As the weather warms up and we get more into the growing season for our lawns, the maintenance usually increases as well. This can vary from around one-mow every couple of weeks in cooler times to as much as a couple of mows per week over spring and summer; depending on your lawn type and where you’re located. A good rule of thumb when mowing is the one-third-rule where it’s advised to remove no more than 1/3 of the grass blade height with each cut. Cutting more than 1/3 of the blade off can stress the plant by reducing photosynthesis and subsequent root growth that is essential for usually dry summer months.
The trouble is that with this type of approach it can mean more mowing, but usually kinder on the operator as well as the lawn, by not scalping or cutting into the lawn thatch or matt too aggressively. If you’ve got everything going fairly well with your lawn; water, fertiliser and no underlying soil or compaction issues your lawn should be approaching its peak condition around now, especially before it gets too hot. If you take a closer look at your leaf edges or even your mower blades you may notice that both may be a bit rough as it can be easy to neglect this part of the maintenance schedule. Mower blade sharpening is an important aspect of your lawn maintenance and can be easily attended to by those who are handy with a grinder, or else a quick trip to the mower shop can get it sorted.
Just how often you should sharpen your blades comes down a little bit to personal preference, but for most parts it helps with more than just the leaf-cut and finished appearance of your freshly-mown lawn. Oversees research reports suggest that there are savings to be had with fuel efficiency, in the order of 25 percent with sharp blades; the time spent mowing is also decreased with less resistance and; sharp blades have also been shown to decrease the risk of disease incidence in most circumstances. How often you should sharpen your blade can be an item of contention in the lawn-maintenance sector, however a number of surveys have indicated that the professionals sharpen their blades around once every 25 hours of use. That could easily equate to once-per-week if you’re mowing lawns day-in-day-out, but for the average lawn-mowing-punter, that could mean sharpening your blades just once or maybe twice per year for a larger lawn. So, no matter what type of lawnmower you own, it’s important you keep the blades sharp. Otherwise, you risk tearing or smashing your lawn-leaf instead of slicing it cleanly and healthfully down to size. A sharp blade also keeps your mower running more-smoothly and safely. And keep safety in mind if you’re going to attempt to sharpen your own blades by immobilising the mower and preventing it from starting whist your working on it by loosening a spark-plug cable or similar and taking the appropriate precautions when it comes to taking out the grinder.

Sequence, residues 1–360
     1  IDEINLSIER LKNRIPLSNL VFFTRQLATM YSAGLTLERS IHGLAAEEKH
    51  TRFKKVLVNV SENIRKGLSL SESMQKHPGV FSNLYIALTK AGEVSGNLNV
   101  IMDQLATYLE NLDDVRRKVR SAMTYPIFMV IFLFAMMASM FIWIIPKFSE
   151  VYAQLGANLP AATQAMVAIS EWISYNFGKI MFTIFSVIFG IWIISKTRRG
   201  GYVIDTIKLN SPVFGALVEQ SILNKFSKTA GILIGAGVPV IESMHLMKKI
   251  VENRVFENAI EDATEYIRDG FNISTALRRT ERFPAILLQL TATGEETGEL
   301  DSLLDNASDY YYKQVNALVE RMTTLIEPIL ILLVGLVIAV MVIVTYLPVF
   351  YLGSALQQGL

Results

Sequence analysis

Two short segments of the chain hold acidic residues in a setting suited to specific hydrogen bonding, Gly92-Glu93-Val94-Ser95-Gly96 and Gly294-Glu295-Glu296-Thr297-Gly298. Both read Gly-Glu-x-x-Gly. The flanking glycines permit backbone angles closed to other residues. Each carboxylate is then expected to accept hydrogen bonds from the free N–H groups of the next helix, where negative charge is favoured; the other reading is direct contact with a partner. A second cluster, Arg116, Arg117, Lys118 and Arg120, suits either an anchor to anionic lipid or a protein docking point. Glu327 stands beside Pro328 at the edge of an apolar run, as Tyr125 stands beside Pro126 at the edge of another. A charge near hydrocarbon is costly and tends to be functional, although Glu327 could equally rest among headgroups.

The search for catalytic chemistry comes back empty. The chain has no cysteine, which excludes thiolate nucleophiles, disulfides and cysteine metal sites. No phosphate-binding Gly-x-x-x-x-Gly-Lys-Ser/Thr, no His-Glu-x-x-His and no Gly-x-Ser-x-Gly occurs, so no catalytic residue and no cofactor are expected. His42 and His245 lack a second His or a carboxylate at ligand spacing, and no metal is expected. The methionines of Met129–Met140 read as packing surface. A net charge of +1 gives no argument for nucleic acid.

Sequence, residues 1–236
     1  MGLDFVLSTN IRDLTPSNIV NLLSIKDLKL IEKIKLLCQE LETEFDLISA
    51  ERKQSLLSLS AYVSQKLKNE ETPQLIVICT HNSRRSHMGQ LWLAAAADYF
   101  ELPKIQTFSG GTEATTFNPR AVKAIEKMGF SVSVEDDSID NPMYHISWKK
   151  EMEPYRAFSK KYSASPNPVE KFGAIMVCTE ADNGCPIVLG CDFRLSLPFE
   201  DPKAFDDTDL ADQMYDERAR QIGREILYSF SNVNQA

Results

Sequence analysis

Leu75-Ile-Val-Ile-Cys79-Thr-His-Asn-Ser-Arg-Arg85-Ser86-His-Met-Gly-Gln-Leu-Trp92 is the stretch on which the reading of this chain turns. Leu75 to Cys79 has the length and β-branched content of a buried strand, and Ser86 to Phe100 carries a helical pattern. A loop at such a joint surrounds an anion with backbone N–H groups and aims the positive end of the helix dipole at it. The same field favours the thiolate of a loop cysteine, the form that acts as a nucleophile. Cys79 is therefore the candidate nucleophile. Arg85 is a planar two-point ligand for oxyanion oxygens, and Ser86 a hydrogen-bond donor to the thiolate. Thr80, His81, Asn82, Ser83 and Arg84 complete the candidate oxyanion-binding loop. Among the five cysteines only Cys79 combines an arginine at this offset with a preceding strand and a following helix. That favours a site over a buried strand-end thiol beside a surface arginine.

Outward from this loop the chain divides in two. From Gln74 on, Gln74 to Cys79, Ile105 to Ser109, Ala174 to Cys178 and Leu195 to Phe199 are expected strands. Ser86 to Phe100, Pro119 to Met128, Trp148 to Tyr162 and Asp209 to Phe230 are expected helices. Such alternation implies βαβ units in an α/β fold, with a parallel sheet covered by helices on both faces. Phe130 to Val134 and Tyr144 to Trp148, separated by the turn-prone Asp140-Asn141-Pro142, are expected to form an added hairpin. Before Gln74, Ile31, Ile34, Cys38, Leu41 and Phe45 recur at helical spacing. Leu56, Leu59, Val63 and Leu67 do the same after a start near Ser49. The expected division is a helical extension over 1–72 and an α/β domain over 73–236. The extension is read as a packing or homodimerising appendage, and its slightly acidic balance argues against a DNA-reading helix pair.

Lawncare doesn’t need to be difficult and simple hints from Lawn Solutions Australia and their network of member turf growers and Lawn Solutions Centres Australia-wide can help with products to keep your lawn in top condition this spring and summer.